Tuesday, October 31, 2006

The Dismal Junk Scientist

Splendid detective work by blogger Drinking From Home reveals the Brit economist providing "scientific" cover for global warming taxes has a record of lousy forecasting - he "scientifically" predicted Margaret Thatcher would doom the Brit economy!

DfH notes
this piece by Ruth Lea in London's Daily Telegraph:

Economics, albeit more prosaically, has also been subject to fads, whims and consensus views to which history has not been kind.

Twenty-five years ago Britain was at an economic crossroads. The credibility of the British economy was collapsing as inflation and unemployment soared, manufacturing output slumped and the national debt spiralled upwards.

Margaret Thatcher and her Chancellor, Sir Geoffrey Howe, concluded that drastic action was required. Taxes were raised by £4bn (then a huge sum) in the 1981 Budget in order to provide scope for lower interest rates and tackle public sector borrowing. There was, unsurprisingly, substantial political opposition.

But, of more interest, 364 economists signed a letter to The Times stating that there was "no basis in economic theory or supporting evidence" for Sir Geoffrey's policy and that it threatened Britain's "social and political stability". An alternative course of action must be pursued, these savants insisted.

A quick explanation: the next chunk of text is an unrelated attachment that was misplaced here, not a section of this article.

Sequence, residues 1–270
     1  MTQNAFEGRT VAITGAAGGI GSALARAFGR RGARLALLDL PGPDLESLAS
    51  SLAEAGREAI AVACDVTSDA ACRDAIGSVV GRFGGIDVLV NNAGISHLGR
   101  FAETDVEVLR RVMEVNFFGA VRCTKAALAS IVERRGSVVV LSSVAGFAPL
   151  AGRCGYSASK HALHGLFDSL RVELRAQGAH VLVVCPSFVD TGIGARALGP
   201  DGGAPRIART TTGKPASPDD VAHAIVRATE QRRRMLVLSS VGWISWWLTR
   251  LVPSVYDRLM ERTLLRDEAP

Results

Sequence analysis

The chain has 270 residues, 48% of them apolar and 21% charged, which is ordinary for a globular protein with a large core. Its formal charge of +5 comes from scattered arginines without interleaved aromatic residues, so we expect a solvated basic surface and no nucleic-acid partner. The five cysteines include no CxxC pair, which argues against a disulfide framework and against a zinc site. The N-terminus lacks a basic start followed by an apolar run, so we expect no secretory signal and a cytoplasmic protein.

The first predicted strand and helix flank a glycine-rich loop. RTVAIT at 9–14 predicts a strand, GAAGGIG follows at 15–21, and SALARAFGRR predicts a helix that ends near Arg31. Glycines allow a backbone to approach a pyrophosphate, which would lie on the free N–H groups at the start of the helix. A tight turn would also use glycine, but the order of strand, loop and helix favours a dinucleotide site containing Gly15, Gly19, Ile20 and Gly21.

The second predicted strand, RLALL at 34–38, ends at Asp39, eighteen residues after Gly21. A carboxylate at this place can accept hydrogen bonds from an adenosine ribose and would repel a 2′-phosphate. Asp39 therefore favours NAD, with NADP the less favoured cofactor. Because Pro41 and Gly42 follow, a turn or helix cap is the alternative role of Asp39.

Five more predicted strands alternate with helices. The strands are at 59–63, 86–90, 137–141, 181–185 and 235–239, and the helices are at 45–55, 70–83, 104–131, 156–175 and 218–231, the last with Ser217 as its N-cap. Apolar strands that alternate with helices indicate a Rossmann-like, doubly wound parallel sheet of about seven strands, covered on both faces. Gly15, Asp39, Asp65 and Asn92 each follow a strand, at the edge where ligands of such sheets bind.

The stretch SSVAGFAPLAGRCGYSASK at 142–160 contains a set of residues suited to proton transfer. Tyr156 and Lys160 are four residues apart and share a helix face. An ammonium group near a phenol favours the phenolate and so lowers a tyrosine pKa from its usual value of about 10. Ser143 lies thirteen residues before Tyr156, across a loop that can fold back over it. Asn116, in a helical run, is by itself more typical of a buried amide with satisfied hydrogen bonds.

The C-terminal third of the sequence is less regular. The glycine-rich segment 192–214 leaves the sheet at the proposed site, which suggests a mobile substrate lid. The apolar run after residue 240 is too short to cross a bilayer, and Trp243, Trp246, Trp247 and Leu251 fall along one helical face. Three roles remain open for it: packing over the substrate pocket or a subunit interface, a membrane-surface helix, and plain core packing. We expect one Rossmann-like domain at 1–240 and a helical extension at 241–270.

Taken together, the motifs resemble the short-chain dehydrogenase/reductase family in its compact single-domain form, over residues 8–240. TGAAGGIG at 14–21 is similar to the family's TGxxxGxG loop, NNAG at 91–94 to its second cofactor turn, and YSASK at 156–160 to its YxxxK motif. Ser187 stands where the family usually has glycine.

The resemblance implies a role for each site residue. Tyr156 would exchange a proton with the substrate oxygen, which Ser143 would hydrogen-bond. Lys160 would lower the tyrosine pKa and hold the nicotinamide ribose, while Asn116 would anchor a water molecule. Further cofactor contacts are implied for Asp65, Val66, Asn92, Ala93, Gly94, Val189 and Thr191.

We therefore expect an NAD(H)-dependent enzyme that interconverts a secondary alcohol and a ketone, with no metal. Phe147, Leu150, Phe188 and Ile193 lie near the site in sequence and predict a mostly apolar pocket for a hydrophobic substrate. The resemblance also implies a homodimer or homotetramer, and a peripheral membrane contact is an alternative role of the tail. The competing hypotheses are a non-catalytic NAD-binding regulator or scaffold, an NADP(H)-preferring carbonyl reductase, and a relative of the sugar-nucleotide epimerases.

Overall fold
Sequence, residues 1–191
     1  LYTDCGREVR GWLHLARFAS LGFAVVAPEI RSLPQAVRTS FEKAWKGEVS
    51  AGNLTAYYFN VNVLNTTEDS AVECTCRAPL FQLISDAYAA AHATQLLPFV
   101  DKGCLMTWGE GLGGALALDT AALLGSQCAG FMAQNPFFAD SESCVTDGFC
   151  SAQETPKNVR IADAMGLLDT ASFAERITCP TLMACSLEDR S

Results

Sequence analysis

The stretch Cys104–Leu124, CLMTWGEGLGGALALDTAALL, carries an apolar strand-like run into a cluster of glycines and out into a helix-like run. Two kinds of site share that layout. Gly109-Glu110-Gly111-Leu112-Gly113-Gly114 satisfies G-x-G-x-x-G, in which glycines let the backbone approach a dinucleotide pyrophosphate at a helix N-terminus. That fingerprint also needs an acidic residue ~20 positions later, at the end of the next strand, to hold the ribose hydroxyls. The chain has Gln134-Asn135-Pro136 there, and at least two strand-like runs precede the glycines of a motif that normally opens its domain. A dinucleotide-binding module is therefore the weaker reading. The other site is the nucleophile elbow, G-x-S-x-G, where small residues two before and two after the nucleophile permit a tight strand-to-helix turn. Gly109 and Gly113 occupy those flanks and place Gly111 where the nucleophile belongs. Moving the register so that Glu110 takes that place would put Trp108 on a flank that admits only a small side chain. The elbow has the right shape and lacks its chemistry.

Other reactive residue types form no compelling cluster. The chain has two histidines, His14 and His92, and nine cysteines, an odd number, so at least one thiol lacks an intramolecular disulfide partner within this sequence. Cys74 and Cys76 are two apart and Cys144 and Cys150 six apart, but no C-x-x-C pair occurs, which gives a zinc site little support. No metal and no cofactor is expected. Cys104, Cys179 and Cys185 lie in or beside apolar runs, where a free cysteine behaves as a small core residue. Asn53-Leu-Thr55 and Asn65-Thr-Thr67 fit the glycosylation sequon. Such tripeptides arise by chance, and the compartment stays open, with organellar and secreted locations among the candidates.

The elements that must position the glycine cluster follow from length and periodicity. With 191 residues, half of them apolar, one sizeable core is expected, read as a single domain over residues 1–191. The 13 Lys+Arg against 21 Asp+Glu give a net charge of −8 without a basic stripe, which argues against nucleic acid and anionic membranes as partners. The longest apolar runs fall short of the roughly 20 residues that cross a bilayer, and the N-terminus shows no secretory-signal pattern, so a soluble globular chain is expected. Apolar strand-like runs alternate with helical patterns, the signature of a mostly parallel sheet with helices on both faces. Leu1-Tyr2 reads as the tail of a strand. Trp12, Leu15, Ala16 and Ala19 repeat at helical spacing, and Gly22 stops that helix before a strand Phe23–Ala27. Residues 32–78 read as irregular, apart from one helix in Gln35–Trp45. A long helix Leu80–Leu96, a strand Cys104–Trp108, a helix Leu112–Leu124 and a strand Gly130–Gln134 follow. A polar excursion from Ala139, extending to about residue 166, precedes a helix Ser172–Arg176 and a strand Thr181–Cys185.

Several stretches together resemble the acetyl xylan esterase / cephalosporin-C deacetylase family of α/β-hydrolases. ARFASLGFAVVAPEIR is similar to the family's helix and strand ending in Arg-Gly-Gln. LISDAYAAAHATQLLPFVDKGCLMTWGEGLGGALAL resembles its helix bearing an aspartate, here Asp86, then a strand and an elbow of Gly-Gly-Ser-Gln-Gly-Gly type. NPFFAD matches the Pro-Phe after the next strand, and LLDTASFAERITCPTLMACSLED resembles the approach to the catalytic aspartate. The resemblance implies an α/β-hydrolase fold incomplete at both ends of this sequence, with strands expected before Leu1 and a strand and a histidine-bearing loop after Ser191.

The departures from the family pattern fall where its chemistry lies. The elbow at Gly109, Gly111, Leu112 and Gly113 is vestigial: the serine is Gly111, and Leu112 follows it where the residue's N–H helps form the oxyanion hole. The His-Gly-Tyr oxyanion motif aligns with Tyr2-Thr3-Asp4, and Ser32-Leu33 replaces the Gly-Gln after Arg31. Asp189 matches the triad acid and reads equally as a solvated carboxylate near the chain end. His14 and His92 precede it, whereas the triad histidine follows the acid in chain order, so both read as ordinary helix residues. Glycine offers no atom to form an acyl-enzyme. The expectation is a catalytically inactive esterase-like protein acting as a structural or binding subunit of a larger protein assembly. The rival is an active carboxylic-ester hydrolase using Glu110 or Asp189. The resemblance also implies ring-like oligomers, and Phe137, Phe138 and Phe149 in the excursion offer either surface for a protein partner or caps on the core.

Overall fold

Almost the entire academic economic establishment stood against the Government with a mere handful of brave "mavericks" dissenting from the consensus view.

But, as we now know, the letter's signatories were wrong because they believed in the then ubiquitous, but faulty, Keynesian consensus of the time.

Moreover, not only did the economics establishment regard Sir Geoffrey's Budget as fundamentally flawed, they also took the same view of the mavericks' judgments. This is instructive. Many in academia seem to believe that "peer-reviewed" research guarantees impartial, sound and independent assessment. It does not. Mavericks can be marked down and dismissed by their consensus-minded peers. Dissension is rarely popular.

The story of the 364 economists should be a warning to all who give the impression that the consensus view is an impregnable fortress of truth.

DfH's splendid detective work reveals:
One of the 364 signatories was a certain professor from Warwick University:


Still, Stern - like his role models
Heath & Carter - provides a useful function to society by being uniformly wrong. We can now drive our SUVs, fly, and keep warm in winter safe in the knowledge that it won't make a blind bit of difference to global warming.